|Title||The Role of Sulfide Oxidation Impairment in the Pathogenesis of Primary CoQ Deficiency.|
|Publication Type||Journal Article|
|Year of Publication||2017|
|Authors||Quinzii, CM, Luna-Sanchez, M, Ziosi, M, Hidalgo-Gutierrez, A, Kleiner, G, Lopez, LC|
Coenzyme Q (CoQ) is a lipid present in all cell membranes. One of the multiple metabolic functions of CoQ is to transport electrons in the reaction catalyzed by sulfide:quinone oxidoreductase (SQOR), the first enzyme of the oxidation pathway of sulfides (hydrogen sulfide, H2S). Early evidence of a defect in the metabolism of H2S in primary CoQ deficiency came from yeast studies in Schizosaccharomyces pombe strains defective for dps1 and ppt1 (homologs of PDSS1 and COQ2, respectively), which have H2S accumulation. Our recent studies in human skin fibroblasts and in murine models of primary CoQ deficiency show that, also in mammals, decreased CoQ levels cause impairment of H2S oxidation. Patient fibroblasts carrying different mutations in genes encoding proteins involved in CoQ biosynthesis show reduced SQOR activity and protein levels proportional to the levels of CoQ. In Pdss2(kd/kd) mice, kidney, the only organ clinically affected, shows reduced SQOR levels and downstream enzymes, accumulation of H2S, and glutathione depletion. Pdss2(kd/kd) mice have also low levels of thiosulfate in plasma and urine, and increased C4-C6 acylcarnitines in blood, due to inhibition of short-chain acyl-CoA dehydrogenase. Also in Coq9(R239X) mice, the symptomatic organ, cerebrum, shows accumulation of H2S, reduced SQOR, increase in thiosulfate sulfurtransferase and sulfite oxidase, and reduction in the levels of glutathione and glutathione enzymes, leading to alteration of the biosynthetic pathways of glutamate, serotonin, and catecholamines. Coq9(R239X) mice have also reduced blood pressure, possible consequence of H2S-induced vasorelaxation. Since liver is not clinically affected in Pdss2 and Coq9 mutant mice, the effects of the impairment of H2S oxidation in this organ were not investigated, despite its critical role in metabolism. In conclusion, in vitro and in vivo studies of CoQ deficient models provide evidence of tissue-specific H2S oxidation impairment, an additional pathomechanism that should be considered in the understanding and treatment of primary CoQ deficiency.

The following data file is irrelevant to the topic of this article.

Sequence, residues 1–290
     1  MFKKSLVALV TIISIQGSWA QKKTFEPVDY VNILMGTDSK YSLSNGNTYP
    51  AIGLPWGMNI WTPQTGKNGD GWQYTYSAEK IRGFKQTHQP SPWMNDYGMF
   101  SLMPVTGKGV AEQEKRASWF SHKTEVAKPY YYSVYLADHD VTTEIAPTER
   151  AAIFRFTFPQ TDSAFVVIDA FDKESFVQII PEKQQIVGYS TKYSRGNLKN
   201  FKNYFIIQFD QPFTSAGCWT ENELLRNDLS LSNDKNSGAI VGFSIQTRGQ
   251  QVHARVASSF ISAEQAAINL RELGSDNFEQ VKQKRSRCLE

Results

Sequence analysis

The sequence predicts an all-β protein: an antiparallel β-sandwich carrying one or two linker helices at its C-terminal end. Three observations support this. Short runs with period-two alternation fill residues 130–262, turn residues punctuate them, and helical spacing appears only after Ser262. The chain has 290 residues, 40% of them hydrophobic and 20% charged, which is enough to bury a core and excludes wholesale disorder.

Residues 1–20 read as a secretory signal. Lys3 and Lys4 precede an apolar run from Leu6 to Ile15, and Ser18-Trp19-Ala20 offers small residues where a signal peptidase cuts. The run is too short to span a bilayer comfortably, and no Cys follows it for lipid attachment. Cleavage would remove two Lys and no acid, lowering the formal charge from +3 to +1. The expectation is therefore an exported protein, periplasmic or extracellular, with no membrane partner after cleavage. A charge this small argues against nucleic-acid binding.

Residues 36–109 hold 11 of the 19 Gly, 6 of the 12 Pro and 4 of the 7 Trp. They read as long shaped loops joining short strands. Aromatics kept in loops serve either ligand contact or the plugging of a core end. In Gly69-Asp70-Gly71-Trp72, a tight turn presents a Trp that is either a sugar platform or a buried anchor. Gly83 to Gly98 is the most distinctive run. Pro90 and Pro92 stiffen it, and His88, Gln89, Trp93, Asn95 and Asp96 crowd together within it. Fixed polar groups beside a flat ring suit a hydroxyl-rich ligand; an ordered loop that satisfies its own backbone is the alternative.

|Alternate Journal||Front Physiol|
|PubMed Central ID||PMC5525000|
|Grant List||P01 HD080642 / HD / NICHD NIH HHS / United States|